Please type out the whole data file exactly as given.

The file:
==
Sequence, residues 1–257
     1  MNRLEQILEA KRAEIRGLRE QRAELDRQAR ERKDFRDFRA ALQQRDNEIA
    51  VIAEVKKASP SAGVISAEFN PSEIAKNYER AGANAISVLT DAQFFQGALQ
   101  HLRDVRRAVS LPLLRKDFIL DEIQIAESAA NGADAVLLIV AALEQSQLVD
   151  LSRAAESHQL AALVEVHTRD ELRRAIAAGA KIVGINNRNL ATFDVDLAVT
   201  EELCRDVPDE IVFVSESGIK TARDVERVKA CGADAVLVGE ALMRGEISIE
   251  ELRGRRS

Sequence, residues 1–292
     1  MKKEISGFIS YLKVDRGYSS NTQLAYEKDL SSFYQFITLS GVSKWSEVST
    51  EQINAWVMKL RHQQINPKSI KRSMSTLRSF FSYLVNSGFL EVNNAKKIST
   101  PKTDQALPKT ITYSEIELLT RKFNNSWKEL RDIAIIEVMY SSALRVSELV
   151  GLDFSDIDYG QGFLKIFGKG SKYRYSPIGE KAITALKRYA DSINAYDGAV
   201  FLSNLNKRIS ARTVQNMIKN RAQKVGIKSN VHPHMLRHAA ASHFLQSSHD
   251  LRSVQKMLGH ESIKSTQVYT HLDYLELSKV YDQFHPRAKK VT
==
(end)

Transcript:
Sequence, residues 1–257
     1  MNRLEQILEA KRAEIRGLRE QRAELDRQAR ERKDFRDFRA ALQQRDNEIA
    51  VIAEVKKASP SAGVISAEFN PSEIAKNYER AGANAISVLT DAQFFQGALQ
   101  HLRDVRRAVS LPLLRKDFIL DEIQIAESAA NGADAVLLIV AALEQSQLVD
   151  LSRAAESHQL AALVEVHTRD ELRRAIAAGA KIVGINNRNL ATFDVDLAVT
   201  EELCRDVPDE IVFVSESGIK TARDVERVKA CGADAVLVGE ALMRGEISIE
   251  ELRGRRS

Sequence, residues 1–292
     1  MKKEISGFIS YLKVDRGYSS NTQLAYEKDL SSFYQFITLS GVSKWSEVST
    51  EQINAWVMKL RHQQINPKSI KRSMSTLRSF FSYLVNSGFL EVNNAKKIST
   101  PKTDQALPKT ITYSEIELLT RKFNNSWKEL RDIAIIEVMY SSALRVSELV
   151  GLDFSDIDYG QGFLKIFGKG SKYRYSPIGE KAITALKRYA DSINAYDGAV
   201  FLSNLNKRIS ARTVQNMIKN RAQKVGIKSN VHPHMLRHAA ASHFLQSSHD
   251  LRSVQKMLGH ESIKSTQVYT HLDYLELSKV YDQFHPRAKK VT